Wyoming Liberty Group
The Interim Revenue Committee will meet May 11th and 12th in Saratoga. On their agenda is yet another proposal to shrink revenues, a Gross Receipts Tax [GRT]. It would also shrink the Wyoming economy and – to kill three birds with one stone – shrink your wallet! They may not notice the thing about shrinking your wallet by an estimated $800 to $1000 dollars a year [about $3,600 for a family of four in direct and indirect costs], but you’d think they would notice the part about shrinking revenues, being the Revenue Committee and all.
Boyd Wiggam discusses how the Legislature's Corporations Committee is addressing several local government regulatory trends that can stand in the way of new, private business development in Wyoming with Gary Freeman on KGAB.
President-elect Donald Trump promises to repeal and replace Obamacare. What does this mean for patients, doctors, and taxpayers? Charlie Katebi and KGAB's Gary Freeman discuss Trump's healthcare agenda and the future of healthcare in Wyoming.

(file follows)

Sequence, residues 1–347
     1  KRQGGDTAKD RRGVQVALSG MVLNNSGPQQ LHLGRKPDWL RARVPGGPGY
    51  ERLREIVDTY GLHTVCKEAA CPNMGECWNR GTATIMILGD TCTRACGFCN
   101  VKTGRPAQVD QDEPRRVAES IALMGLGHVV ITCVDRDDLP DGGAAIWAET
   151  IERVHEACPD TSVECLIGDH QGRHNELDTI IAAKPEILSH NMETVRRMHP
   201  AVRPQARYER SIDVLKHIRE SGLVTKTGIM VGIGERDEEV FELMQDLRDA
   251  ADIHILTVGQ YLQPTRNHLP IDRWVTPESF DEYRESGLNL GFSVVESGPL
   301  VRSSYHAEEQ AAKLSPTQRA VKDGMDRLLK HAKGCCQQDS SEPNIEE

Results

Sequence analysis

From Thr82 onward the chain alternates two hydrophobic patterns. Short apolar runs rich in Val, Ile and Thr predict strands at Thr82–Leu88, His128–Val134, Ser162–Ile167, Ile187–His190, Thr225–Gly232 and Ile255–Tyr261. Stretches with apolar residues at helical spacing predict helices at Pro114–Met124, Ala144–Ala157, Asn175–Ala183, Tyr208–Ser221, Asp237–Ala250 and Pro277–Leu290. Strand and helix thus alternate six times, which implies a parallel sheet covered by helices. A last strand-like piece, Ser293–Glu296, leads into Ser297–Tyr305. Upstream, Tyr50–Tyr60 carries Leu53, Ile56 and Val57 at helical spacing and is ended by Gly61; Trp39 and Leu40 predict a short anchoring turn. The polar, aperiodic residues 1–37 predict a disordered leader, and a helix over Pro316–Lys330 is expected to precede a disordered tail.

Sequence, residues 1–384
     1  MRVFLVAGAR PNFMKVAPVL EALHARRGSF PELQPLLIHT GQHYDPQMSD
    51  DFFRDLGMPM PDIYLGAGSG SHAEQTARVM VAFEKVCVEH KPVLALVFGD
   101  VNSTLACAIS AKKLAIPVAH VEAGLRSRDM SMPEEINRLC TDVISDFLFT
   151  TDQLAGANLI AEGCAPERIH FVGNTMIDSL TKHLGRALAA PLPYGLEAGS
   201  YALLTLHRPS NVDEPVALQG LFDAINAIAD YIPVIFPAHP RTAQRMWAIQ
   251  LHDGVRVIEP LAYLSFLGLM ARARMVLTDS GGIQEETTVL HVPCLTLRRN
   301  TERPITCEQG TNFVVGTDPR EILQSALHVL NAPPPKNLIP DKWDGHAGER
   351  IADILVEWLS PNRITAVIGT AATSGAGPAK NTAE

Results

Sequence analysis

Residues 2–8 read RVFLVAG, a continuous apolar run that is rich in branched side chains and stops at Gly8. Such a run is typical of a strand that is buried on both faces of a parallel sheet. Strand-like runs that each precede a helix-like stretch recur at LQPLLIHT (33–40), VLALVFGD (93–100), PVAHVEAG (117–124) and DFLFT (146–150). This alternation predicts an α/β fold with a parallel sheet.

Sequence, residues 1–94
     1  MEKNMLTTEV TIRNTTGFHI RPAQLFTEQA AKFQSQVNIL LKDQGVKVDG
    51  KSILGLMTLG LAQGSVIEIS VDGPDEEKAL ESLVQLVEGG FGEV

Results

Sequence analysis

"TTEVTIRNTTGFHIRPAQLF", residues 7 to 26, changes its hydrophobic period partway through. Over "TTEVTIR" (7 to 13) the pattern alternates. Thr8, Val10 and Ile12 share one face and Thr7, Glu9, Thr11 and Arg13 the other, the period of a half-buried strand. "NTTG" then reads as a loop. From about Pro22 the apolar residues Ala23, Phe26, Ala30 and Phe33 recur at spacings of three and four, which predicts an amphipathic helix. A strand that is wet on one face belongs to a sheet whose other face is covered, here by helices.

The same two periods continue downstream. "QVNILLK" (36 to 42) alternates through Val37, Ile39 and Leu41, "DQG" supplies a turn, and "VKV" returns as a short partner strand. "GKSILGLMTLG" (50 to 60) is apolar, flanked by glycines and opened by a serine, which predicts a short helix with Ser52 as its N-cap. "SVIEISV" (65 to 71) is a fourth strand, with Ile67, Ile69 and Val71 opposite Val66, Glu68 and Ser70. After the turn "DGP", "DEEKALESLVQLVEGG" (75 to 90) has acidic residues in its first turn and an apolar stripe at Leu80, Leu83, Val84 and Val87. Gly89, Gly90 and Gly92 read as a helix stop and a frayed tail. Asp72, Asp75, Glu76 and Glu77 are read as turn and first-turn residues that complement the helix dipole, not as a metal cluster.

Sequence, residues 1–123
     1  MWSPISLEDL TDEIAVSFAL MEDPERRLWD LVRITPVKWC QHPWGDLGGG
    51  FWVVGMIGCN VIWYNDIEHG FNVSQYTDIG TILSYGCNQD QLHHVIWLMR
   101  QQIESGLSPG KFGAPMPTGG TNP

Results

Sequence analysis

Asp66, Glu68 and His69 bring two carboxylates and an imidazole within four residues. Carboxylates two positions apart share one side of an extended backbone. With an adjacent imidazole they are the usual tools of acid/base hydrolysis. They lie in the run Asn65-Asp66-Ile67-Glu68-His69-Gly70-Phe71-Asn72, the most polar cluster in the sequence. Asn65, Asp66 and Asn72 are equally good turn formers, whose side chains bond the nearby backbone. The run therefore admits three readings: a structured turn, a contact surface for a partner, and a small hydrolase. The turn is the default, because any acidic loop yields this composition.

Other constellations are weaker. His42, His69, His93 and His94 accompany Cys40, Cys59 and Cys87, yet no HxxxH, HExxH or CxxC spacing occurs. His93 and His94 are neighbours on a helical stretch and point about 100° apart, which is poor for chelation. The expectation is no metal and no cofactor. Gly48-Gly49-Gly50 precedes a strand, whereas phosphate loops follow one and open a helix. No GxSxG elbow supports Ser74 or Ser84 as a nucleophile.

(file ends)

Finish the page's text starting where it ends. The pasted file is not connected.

Comprehensive criminal justice reform could increase public safety, save millions of dollars, and give each non-violent offender a second chance.
Over 95% of those incarcerated in Wyoming will eventually be released from prison, so we must consider what to do with these individuals while they are in the state’s custody. Research tell us that lengthy sentences for non-violent, low-level offenders may actually increase the threat of future offenses. Alternatively, equipping non-violent offenders with the tools to become responsible members of the community can maximize long term public safety and minimize state spending on corrections.
Last month, representatives from the Department of Corrections and the Wyoming Board of Parole presented a draft bill to the Interim Joint Judiciary Committee that offers six such tools to move away from a one-size-fits-all approach to dealing with offenders. Each change invests in public safety and lessens the burden on taxpayers.
Testimony before the Wyoming Joint Appropriations Committee, October 24, 2016
A slew of legal cases spanning two decades has been the most powerful force in creating Wyoming's K-12 public education system. These cases have led to the "Dictatorial Behemouth" Wyoming now has as it's education system. With court ordered rules and requirements and continual legislative mandates, Wyoming lives under a monster of its own making.
Continuing from Part 1 of their conversation, "Is Education Litigation Getting in the Way of Education?" listen in as Bob Nelson and Boyd Wiggam talk with Amy Edmonds about possible solutions to this behemouth in K-12 education.